Since then, I have shrugged my shoulders, waited, and wondered.

Look how the pale Queen of the silent night
doth cause the ocean to attend upon her,
and he, as long as she is in sight,
with his full tide is ready hee to honor
– Charles Best, 1608

Another local 5-minute video* * *ILA’s website

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8 Responses to “Do you have 5 minutes for the Moon?”

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[…] can read the full story here Der Beitrag wurde am Tuesday, den 20. November 2007 um 01:22 Uhr veröffentlicht und wurde […]

Sounds like quite an experience, Muse! I watched the video and I’m not sure what to make of it myself… I hadn’t heard of a moonbeam collector before but it looks very stimulating, for both mind and spirit. There’s almost some ancient symmetry as well, stripping off one’s clothing and bathing in moonlight… reminded me of some of the rites of passage in pagan times.

I’m usually a little skeptical, but I like how this studies the medical and spiritual benefits… we know so little about the way our bodies react under moonlight, particularly as we’re now such a diurnal society. What it actually reminded me of was when we had the blood moon eclipse a couple of months ago. I was lucky enough to see it without a lot of artificial obstruction (for once!) and it was spectacular; you could really see the whole sphere of the moon, and it was very peaceful.

Just makes you think that there’s a whole other world out there that most of us rarely see because of our daytime routines. I’ll have to pay more attention when I’m up late. ;)

I’d like to try this sometime although I might go into overload. I have a couple places around where I live that I sometimes go to around the full moon and just lay out and gaze at it, and it has always been very calming, and almost hypnotizing to me. I think I need one of these in my yard (the neighbors already think I’m nuts when I go out and greet the sunrise with my rattle). It gives them something to talk about at least.

CJ, thank you so much for your reasoned, thoughtful and balanced comment. We humanoids have indeed been feeling the effects of the moon as long as we’ve been aware of it. Interesting that you made a connection with pagan rituals. I hadn’t consciously thought of that, even though I was a bit of a pagan in my wayward youth ;)

Beautiful pic you included with the blood red moon sitting in one of the “V’s” of that amazing opera house. Thank you. And you saw that eclipse with your very own eyes? In my hometown, San Francisco, they had people called “sidewalk astronomers” who were astronomers who wanted to bring their telescopes and expertise to the public. They’d hang around the Embarcadero (the foot of the financial district) and give little talks and answer questions and let people look through their scopes. I saw an eclipse for the first time with their assistance.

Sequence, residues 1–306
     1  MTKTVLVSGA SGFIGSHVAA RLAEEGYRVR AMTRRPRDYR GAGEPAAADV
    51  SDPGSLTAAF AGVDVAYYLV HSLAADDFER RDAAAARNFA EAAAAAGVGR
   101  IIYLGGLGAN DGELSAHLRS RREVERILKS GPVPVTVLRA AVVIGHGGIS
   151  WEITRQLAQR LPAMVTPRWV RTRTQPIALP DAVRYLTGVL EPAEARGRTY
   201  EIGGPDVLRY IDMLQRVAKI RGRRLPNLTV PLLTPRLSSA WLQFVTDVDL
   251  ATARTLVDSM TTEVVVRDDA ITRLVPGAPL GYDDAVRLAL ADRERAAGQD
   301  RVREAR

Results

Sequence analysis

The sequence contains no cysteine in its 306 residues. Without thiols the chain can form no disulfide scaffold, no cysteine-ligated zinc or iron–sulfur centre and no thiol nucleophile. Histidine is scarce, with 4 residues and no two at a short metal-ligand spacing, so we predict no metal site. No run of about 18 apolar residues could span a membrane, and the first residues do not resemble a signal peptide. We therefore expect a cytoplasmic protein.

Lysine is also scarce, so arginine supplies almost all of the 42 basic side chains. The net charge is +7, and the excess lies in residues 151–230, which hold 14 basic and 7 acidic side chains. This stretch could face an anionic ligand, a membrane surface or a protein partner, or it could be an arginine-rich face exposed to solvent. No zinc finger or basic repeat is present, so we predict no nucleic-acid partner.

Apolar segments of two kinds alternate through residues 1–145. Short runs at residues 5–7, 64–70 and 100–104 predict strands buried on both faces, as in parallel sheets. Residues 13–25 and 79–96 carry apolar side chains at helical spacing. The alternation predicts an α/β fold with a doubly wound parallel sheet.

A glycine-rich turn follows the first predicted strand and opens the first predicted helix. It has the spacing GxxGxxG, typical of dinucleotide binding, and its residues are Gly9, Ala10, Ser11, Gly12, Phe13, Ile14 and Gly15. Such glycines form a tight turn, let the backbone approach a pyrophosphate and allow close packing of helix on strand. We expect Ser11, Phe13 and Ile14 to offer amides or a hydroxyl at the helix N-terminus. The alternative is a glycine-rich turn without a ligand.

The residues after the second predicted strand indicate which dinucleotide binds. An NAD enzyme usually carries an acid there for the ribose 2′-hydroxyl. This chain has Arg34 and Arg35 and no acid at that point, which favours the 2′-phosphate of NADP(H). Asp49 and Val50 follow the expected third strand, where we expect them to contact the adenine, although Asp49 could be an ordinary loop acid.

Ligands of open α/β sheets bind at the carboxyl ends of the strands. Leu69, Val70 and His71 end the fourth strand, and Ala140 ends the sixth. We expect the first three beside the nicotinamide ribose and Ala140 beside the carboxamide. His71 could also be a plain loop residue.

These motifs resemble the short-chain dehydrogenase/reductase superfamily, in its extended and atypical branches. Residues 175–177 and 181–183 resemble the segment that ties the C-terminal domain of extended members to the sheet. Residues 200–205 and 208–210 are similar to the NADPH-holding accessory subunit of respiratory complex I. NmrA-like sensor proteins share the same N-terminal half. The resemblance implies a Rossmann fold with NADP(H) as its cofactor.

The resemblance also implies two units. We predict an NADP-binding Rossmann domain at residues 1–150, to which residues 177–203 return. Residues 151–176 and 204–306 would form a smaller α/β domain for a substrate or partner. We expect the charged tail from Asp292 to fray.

I’m very interested to see what kind of research these moonlight collector folks do. I’ll be watching. Or gazing.

Richard, I think you should get your very own lunar collector right away! The founders may give you schematics if you ask nicely. It takes only several million dollars to put one together. I’ve always been a bit of a “creature of the night”. I like being out at night, and on full moon nights the moon shines directly into my bedroom through a well-placed high window. I’m tempted to howl, and sometimes do–usually just when on a retreat though.
If you ever want to come on over to Arizona and experience the array, let me know, and I’ll meet you. Peace & moonlight.

[…] reported on our local Moonlight Collector most of a year ago. I had quite a time there, and was just getting ready to visit it again when I […]

[…] granted, I’m a bit of a Space Nut, as you’ll know if you read this post about how I collected moonlight on my body (shameless attempt to drive traffic to a prior post; I really did that, though). I like science in […]

This is so cool! Thanks for linking back to this post. What a wonderful idea to amplify moonlight.

You are very welcome, David. It was a strange and rewarding experience. I haven’t heard much about them lately, but it looks like the research and media coverage continues.